A Good Beer Blog

-------

Have you read The Unbearable Nonsense of Craft Beer - A Rant in Nine Acts by Alan and Max yet? It's out on Kindle as well as Lulu.

Maureen Ogle said this about the book: "... immensely readable, sometimes slightly surreal rumination on beer in general and craft beer in particular. Funny, witty, but most important: Smart. The beer geeks will likely get all cranky about it, but Alan and Max are the masters of cranky..."

Ron Pattinson said: "I'm in a rather odd situation. Because I appear in the book. A fictional version of me. It's a weird feeling."


Comments

Comments are locked. No additional comments may be posted.

David -

There were enough British soldiers and sailors stationed in Upper Canada during the Revolutionary War that I'd be surprised if they were all drinking imported beer. I bet that's the place to look: from where were the garrisons at places like Kingston and Newark (now Niagara-on-the-Lake) buying their beer.

Alan -

Any British soldiers in this area would not have been in what became Upper Canada from 1791 to 1840. The would have been at Montreal, fewer on Carleton Island NY, Niagara NY or maybe but unlikely Oswego. That would not have been a safe spot with the Revolutionaries holding Stanwix in what is now Rome, NY.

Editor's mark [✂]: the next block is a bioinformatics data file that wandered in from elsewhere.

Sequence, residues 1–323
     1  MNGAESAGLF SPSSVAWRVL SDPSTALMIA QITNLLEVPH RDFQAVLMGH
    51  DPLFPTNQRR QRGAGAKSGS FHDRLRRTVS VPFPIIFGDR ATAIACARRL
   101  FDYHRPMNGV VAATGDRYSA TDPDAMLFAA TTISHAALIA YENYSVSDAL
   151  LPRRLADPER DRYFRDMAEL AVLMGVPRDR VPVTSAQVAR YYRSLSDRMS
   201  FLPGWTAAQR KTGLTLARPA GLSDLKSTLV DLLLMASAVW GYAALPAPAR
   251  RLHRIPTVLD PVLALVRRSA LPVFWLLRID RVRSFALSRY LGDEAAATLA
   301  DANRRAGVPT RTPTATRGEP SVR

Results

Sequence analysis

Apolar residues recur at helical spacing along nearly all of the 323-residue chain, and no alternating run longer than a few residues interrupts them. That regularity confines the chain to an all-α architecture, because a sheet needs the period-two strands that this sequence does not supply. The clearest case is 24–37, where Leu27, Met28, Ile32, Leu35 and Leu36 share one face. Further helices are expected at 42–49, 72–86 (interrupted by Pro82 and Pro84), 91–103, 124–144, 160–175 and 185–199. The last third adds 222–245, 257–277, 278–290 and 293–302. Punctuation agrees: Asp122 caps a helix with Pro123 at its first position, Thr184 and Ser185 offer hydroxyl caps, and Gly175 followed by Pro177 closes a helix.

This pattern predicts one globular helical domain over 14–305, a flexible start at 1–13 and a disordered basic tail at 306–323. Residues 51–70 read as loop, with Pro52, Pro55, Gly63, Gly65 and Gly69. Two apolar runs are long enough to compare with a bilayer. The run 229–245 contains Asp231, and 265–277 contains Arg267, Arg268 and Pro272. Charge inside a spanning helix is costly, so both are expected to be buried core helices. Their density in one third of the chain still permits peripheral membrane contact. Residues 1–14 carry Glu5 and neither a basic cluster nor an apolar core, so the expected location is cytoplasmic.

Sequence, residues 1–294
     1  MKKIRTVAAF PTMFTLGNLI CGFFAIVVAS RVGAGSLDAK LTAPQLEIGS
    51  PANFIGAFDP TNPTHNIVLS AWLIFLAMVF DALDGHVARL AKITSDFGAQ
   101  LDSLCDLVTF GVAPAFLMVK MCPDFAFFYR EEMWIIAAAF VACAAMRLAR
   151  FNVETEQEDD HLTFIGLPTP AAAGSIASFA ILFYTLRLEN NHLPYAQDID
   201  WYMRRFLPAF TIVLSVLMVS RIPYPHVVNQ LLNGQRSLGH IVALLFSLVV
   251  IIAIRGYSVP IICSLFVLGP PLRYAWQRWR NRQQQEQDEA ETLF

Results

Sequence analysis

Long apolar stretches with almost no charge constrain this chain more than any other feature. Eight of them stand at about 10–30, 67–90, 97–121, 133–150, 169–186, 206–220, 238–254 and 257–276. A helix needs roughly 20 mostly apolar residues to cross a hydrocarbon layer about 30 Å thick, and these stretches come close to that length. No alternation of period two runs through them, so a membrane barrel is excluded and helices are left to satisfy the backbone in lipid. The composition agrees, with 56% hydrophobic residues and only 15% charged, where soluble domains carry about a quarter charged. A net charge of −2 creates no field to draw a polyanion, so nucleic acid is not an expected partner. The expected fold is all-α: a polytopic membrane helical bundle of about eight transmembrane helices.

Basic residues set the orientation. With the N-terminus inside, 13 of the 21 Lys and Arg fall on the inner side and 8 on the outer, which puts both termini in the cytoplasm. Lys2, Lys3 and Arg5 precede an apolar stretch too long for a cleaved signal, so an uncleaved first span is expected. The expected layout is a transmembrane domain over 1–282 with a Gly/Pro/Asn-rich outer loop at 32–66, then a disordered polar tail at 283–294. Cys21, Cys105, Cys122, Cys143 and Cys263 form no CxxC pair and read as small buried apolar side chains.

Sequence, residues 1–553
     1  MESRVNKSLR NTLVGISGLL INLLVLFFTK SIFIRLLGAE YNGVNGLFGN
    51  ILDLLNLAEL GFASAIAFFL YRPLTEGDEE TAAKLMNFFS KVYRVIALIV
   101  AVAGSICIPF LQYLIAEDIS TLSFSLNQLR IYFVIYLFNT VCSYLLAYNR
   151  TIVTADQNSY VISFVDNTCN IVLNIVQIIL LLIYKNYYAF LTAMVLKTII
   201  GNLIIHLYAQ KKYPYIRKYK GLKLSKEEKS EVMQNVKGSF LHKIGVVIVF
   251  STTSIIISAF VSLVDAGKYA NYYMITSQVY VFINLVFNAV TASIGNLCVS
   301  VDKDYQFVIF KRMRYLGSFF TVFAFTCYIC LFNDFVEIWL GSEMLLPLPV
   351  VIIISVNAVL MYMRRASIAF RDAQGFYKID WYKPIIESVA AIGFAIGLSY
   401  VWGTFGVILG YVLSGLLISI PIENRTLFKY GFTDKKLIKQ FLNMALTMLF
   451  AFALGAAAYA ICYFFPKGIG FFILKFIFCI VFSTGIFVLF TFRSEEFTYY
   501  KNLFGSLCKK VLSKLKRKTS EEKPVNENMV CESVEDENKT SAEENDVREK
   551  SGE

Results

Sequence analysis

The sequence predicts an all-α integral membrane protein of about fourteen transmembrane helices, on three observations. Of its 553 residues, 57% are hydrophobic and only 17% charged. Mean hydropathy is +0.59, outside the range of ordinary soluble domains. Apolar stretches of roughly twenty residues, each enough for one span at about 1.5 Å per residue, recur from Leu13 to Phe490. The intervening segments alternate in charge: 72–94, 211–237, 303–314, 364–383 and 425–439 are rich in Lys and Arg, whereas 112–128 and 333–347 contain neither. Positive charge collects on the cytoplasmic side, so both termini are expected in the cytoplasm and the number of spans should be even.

Alan -

Carleton Island life was a bit grim accordind to the story on a recent dig under that link. But maybe there was something being brewed at Niagara. Generally they were serviced by the more efficient casks of rum as Cartwright shipped.

Alan -

Bingo! Beer at Carleton Island during the Revolution, David. And as the island did not legally transfer to the US until 1794 and was not finally abandoned until the War of 1812, it should be part of the history of Ontario beer and brewing.

Steve Gates -

I believe Cartwright's business partner, Robert Hamilton was actually stationed on the island before their partnership, The merchant's inventories listed in the reference includes rum by the hundreds of gallons but an absence of beer, could the tap be used for the distribution of rum? These guys and their rum, there's some hard bark on these fellas. The reference concerning Joel Stone is very interesting, another hard fella, as was his second wife, who took a musket ball in the war of 1812 and lived to tell about it. Have you done any research on a brewer and distiller named Trumpour, a Loyalist from Adolfustown who brewed very early, basically as soon as he got of the boat at Hay Bay .Priority of work for these guys ;build shelter, clear land, till land, brew beer. Nobody is helping you raise a barn without beer.